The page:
• cell phone service above 8K feet is not very good , and in a remote mountain range dozens of miles from any city village is not very good either. perhaps IF they recover some cell phones, there may be some records ..

  18. Keep in mind these so called automated aircraft when something simple like a pitot ices up, what does it do? It turns the aircraft over to a pilot.

    Hmmm,

    • Interesting point. Why has it been programmed like that? It’s a perfect example of something a computer would be far better at. Same thing with collision avoidance.

    • Which is why they are currently testing alternative air speed indicators that don’t rely on the centuries old pitot tube, which is, as you say, vulnerable to icing.

    • “Keep in mind these so called automated aircraft when something simple like a pitot ices up, what does it do? It turns the aircraft over to a pilot.

      Hmmm,”

      Well hmmm yourself – because it does this BY REGULATION to satisfy skeptics exactly like you!

      The rules were written that way because people trusted pilots more than automation. I’d say that after three decades of demonstrated fly-by-wire reliability it’s high time these rules were re-written. Let the automation handle everything it can during incidents, with some robust logic to handle possible sensor failure etc., while informing the crew as clearly as possible so they can intervene where necessary. That also means better reporting logic to avoid the information overload the Qantas guys had to deal with after the A380 engine failure…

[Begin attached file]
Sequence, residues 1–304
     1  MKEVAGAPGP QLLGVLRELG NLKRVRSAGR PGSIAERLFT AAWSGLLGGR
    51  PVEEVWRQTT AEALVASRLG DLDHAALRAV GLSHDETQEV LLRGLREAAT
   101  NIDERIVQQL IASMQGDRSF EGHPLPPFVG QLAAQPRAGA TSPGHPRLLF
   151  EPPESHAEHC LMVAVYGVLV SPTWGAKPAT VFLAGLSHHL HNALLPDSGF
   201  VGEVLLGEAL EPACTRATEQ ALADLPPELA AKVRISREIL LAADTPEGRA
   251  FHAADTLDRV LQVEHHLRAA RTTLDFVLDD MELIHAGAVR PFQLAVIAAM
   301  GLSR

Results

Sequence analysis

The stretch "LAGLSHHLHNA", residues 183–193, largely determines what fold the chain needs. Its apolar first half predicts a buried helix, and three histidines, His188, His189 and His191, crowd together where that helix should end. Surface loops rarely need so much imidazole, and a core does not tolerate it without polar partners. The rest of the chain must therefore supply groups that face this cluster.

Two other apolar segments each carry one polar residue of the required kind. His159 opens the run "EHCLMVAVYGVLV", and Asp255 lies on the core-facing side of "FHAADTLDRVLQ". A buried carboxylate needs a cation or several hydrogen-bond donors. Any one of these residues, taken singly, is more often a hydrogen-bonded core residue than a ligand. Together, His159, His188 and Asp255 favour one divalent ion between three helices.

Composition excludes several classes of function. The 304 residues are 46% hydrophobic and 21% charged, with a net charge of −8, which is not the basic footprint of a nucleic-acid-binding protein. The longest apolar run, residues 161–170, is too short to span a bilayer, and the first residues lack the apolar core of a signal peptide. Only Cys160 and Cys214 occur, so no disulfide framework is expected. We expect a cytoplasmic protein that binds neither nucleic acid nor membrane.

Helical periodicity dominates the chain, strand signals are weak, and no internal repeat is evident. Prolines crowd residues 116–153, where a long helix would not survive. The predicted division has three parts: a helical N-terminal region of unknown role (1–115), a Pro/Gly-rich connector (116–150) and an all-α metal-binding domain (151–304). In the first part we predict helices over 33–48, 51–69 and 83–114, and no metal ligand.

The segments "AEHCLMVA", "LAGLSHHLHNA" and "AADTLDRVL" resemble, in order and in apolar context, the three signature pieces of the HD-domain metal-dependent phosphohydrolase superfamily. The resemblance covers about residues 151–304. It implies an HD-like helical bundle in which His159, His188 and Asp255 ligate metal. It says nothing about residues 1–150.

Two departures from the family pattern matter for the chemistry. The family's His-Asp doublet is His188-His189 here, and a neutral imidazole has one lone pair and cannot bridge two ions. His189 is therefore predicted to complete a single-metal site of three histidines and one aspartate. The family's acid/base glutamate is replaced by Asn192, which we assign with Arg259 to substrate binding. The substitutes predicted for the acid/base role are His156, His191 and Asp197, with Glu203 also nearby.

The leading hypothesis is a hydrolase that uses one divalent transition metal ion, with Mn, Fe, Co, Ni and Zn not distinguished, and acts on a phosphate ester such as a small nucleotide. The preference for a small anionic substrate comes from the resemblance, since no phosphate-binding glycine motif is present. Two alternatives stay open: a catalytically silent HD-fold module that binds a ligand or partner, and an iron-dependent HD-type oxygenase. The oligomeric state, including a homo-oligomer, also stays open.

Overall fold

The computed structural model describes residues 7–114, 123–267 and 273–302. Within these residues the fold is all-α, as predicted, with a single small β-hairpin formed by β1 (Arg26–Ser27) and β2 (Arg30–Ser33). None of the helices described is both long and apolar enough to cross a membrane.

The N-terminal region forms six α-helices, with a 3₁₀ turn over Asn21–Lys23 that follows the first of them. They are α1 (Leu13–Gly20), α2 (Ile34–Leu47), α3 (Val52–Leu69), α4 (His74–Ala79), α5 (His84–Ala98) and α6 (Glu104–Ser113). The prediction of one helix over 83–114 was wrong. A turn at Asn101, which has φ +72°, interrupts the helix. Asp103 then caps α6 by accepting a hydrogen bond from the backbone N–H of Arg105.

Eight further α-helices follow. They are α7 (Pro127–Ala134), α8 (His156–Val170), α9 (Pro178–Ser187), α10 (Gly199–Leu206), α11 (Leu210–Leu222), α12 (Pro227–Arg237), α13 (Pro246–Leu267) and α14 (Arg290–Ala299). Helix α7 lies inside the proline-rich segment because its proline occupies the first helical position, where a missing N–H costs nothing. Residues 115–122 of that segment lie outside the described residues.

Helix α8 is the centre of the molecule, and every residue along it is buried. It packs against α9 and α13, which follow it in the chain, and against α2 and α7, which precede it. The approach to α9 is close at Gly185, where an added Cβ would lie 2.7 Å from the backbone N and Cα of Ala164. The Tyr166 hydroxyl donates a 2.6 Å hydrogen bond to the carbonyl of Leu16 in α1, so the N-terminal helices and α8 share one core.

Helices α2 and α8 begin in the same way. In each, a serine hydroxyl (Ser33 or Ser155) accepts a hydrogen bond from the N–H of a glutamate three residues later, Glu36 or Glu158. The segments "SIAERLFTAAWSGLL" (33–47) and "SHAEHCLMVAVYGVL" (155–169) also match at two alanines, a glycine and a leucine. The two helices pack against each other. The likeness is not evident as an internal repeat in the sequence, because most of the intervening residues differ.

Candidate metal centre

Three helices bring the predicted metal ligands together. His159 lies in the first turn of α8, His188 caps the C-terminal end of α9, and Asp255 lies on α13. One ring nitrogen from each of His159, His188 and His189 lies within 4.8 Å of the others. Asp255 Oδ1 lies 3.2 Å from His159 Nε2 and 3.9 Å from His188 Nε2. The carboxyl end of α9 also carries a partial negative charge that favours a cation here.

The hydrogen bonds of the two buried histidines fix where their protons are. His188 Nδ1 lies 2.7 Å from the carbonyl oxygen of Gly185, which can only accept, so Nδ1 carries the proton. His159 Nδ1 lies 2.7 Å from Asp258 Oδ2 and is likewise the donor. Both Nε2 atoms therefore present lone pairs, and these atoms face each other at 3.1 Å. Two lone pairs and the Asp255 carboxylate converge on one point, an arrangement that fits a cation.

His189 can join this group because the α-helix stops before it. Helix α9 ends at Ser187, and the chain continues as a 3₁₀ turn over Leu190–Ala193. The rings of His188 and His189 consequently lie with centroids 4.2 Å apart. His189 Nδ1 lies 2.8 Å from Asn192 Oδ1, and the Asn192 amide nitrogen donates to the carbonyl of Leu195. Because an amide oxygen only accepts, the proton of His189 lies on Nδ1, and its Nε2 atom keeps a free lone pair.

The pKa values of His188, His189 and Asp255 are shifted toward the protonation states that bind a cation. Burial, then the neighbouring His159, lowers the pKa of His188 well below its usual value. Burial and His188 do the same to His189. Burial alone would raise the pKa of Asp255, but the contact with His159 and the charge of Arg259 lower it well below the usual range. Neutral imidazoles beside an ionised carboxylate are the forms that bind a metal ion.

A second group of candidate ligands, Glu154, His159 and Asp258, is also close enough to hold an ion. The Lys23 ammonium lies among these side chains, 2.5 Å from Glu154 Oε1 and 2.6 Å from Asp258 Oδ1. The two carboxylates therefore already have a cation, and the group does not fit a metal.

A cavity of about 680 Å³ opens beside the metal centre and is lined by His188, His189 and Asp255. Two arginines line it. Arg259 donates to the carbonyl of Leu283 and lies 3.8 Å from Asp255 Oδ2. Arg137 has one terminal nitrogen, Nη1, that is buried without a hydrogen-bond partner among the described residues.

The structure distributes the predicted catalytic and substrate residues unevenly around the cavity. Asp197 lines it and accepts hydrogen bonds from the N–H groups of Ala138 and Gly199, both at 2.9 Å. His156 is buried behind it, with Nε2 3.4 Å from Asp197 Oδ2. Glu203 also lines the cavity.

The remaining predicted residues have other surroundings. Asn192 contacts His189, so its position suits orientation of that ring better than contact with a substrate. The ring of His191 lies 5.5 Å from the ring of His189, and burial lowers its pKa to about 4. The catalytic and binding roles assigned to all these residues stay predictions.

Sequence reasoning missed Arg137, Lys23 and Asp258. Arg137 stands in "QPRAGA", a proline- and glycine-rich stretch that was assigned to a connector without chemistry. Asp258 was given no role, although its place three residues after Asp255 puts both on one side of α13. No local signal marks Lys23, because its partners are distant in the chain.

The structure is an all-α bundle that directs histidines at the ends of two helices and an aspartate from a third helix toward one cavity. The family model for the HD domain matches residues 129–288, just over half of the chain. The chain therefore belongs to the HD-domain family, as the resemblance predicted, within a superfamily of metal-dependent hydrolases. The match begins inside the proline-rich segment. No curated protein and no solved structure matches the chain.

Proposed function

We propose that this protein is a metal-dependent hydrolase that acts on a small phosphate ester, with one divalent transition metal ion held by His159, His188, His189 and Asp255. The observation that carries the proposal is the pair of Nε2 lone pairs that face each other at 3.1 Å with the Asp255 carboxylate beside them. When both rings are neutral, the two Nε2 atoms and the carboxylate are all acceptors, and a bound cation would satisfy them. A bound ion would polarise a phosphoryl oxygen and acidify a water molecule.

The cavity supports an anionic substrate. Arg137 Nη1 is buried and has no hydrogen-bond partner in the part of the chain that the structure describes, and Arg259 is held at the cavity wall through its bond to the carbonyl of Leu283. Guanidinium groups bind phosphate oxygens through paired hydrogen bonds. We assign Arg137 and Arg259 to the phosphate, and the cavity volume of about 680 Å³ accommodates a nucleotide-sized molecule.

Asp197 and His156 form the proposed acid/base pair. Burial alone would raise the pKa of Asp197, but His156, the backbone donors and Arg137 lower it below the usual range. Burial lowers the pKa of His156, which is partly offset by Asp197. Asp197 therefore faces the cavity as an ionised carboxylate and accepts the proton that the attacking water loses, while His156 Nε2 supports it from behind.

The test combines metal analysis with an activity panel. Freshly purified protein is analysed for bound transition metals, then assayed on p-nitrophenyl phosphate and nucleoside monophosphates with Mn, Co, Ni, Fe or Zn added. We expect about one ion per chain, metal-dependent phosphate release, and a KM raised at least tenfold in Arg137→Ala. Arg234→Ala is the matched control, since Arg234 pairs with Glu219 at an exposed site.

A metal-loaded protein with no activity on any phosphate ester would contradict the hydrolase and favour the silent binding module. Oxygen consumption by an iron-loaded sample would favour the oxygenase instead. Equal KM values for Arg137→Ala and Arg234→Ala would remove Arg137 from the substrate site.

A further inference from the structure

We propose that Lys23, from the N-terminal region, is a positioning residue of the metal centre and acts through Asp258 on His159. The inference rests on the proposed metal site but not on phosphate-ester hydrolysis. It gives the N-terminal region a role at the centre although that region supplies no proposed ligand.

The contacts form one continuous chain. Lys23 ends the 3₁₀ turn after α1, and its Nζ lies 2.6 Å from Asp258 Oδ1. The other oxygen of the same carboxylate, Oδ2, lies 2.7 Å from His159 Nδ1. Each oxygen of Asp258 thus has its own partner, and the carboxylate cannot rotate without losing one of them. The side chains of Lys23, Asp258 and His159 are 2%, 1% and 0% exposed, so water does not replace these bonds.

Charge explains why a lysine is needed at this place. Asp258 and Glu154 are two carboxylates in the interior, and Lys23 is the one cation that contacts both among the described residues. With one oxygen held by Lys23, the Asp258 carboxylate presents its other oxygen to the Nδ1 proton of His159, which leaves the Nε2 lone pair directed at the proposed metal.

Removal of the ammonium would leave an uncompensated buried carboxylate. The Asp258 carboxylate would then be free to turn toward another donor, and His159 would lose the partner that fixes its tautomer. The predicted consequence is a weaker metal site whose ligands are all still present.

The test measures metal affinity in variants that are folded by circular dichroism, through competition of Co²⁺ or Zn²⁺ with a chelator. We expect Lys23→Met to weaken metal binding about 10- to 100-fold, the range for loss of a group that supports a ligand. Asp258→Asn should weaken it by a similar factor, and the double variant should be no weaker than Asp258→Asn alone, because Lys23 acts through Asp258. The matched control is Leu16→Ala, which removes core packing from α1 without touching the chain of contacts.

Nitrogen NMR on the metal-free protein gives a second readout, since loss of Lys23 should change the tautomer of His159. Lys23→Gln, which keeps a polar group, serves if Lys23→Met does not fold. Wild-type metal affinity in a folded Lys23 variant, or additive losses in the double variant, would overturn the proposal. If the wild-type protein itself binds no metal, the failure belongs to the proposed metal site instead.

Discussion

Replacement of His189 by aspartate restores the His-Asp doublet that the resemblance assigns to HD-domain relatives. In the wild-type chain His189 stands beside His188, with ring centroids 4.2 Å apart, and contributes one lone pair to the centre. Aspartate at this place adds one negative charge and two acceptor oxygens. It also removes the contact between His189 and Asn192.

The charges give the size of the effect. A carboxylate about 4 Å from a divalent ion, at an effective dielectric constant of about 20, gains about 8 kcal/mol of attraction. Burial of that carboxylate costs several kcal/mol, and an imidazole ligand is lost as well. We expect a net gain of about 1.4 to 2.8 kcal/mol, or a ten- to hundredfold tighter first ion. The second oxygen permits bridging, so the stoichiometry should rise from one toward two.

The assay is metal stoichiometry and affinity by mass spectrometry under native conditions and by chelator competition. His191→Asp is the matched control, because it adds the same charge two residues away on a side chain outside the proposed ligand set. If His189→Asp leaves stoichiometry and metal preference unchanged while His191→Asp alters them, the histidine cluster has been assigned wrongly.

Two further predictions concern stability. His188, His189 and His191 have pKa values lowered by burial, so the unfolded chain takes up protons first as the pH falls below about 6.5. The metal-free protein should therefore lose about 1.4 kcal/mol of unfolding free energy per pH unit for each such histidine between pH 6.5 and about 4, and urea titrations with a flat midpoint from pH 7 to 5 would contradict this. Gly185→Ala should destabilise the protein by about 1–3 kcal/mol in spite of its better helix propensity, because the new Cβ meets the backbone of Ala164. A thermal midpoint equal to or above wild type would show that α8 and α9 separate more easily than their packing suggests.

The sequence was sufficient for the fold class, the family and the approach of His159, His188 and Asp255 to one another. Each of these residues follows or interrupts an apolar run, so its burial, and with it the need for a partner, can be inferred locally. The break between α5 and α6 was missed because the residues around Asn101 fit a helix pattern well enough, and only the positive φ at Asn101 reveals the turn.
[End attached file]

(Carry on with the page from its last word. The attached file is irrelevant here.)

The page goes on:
19. Right after 911- as I recall- A pilot on a commercial flight made an announcement over the PA. Paraphrased it was to the effect that from now on if some nut job tried to invade the cockpit as the hijackers had done, there would be a hundred or more passengers who would do whatever is needed to overcome such a person.

    And that has happened a few times since.

    Locked doors help- and so do sturdy doors – and a person ( FA) at the dooorway to at least delay such a person.

    Adding remote controls, and like gizmos would be merely for optical reasons but no real deterrent – much like forcing vested- identified – flight crews to go thru a search same as little old ladies, shoes, suspenders, eyeglasses, etc. makes good optics-.